more thoughts on what white people can do to fight racism

Some thoughts and suggestions for white people who want to fight racism:

  • It’s okay if you want to talk about the grief and sadness and hopelessness you feel as a white person. Just keep it private. Any time you post publicly about your inner experience, it takes away from the real issues.
  • It’s okay if you want to join in a march or a public civil action to show your solidarity, it doesn’t necessarily mean you’re trying to get pats on the back from people for meaning well. Be careful that your public sharing of those experiences aren’t about you and how good you feel having taken part.
  • It’s okay if you don’t post publicly about the revolution or racism. But, look at your motivations. Why are you not posting anything at all? Okay. Now ask yourself again. Are you being honest with yourself? Sharing information keeps the issues on the radars of your friends and family, showing you find it important.
  • It’s okay if you do or say something insensitive. Learn from it and try again.
  • It’s okay if you write a blog post about what white people can do even if some people might see it as not worthwhile.

We need to listen to black and brown voices. Black and brown voices should be the public voice of this revolution. At the same time, we need to keep talking to each other—challenging each other—so we don’t fall into the ease of and comfort of denial and apathy.

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mourning and action: what white people can do

Just like the time after a loved one dies, it feels disrespectful to go on with life as if nothing has happened. Of course, live does go on. For those of us with the option of moving into denial, I hope you will #staywoke — don’t let the convenience of your whiteness let this crisis slip into the background.

Read this and do these things: 12 Ways to Be a White Ally to Black People*

Please, stay woke.

edited to add: a friend pointed out these actions are almost exclusively intellectual and internal. We want *actions.* I’d follow the lead of Mike Brown’s parents. Talk to local politicians about requiring all police to wear body cameras. Find your elected officials here.


* I dislike the term “ally” because it minimizes the experience of the oppressed, as if the voices of those of us benefitting from racism are just as important. We are a part of the problem. While there are things we can and should be doing in the fight, those who are damaged by racism every day need to lead us.




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why kale?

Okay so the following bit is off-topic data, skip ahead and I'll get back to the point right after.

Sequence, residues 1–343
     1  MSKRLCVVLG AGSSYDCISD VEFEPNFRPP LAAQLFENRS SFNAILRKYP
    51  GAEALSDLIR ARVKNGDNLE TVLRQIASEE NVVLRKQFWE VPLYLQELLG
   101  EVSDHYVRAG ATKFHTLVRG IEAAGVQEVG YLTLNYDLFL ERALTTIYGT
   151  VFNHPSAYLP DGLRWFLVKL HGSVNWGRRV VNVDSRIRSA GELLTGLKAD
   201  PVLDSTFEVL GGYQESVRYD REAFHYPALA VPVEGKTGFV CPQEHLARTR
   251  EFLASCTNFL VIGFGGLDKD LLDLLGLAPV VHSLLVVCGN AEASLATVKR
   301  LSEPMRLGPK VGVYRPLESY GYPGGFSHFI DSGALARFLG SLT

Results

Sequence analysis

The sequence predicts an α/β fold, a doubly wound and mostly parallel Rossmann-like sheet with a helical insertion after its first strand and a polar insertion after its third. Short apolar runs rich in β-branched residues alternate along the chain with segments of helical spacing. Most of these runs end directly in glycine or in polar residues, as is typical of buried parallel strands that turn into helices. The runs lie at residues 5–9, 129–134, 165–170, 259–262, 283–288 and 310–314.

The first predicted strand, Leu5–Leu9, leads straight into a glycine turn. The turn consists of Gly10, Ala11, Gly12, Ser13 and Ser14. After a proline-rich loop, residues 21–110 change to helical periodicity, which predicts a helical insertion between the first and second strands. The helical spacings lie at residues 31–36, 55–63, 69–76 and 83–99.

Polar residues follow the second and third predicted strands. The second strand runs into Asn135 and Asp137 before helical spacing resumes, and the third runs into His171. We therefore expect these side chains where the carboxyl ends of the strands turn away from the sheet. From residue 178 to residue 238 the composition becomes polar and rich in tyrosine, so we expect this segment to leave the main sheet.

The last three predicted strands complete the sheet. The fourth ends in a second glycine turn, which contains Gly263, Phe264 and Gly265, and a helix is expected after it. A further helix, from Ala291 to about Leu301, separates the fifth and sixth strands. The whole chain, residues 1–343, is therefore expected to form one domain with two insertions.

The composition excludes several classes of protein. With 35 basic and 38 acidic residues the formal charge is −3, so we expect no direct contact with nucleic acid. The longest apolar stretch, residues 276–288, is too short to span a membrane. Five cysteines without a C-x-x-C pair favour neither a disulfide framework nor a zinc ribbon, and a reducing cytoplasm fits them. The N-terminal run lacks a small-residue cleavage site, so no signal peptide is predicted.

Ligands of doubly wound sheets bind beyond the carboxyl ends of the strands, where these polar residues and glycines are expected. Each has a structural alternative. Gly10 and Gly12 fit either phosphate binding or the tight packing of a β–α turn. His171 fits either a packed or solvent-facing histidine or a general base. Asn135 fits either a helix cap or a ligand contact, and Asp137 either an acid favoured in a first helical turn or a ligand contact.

I hate how hipster I am about kale. My ego needs people to know not only did I grow up eating kale, but as an adult I’ve loved kale since my first daughter was tiny; about 10+ years. I got my (original) bumper sticker then, too.

The reason I love it is pretty simple, though the list is long, too:

  • absurdly dense nutritional value
  • can be grown year round – no kidding (sweeter when it’s cold)
  • *super* cheap
  • soooo easy to grow
  • amazing range of ways to cook and eat it
  • tastier and easier to cook, more versatile than collards and also more versatile than chard

For me, the bumper sticker means that if everyone ate more kale—especially if more people grew it for their friends, family, and neighbors—the world would be a better place. We’d be healthier; the planet would be healthier; and we’d all save money.

Eat more kale.


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with all this time

In less than two months, I’ve learned a few things about having all this extra time now that both of my daughters are in school five days a week:

  • Everyone I talk to thinks about how much time they have, don’t have, how they could use it better, how best to manage it;
  • Because I allow myself time for tasks that previously fell much lower down on my priorities list, I’m more busy than before both girls were in school;
  • My too-busy is stressful, but it’s at a more mindful pace than when I had at least one kiddo with me most of the time;
  • The chronic health issues I’ve dealt with over the years might have been expressions of the physical and emotional stress that came with trying to make a living while single parenting non-school-age children (tbd);
  • Having time available to contemplate how to best manage my time is a significant improvement in my life;
  • I think about—I’m an introvert in the extreme, so I don’t act on this much—having a personal life beyond the survival level;
  • Self-care is rising on my priorities list.

Anxiety over finances has me considering a new no groceries challenge. With 3-5 school lunches x2 each week it would be a much more significant challenge. Perhaps a modified version…

(Just a “checking in” blog post to stop the darned spammers from thinking this site is inactive!)

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Filed under mindful living, this blog, writing

wordless wednesday


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September 24, 2014 · 9:10 am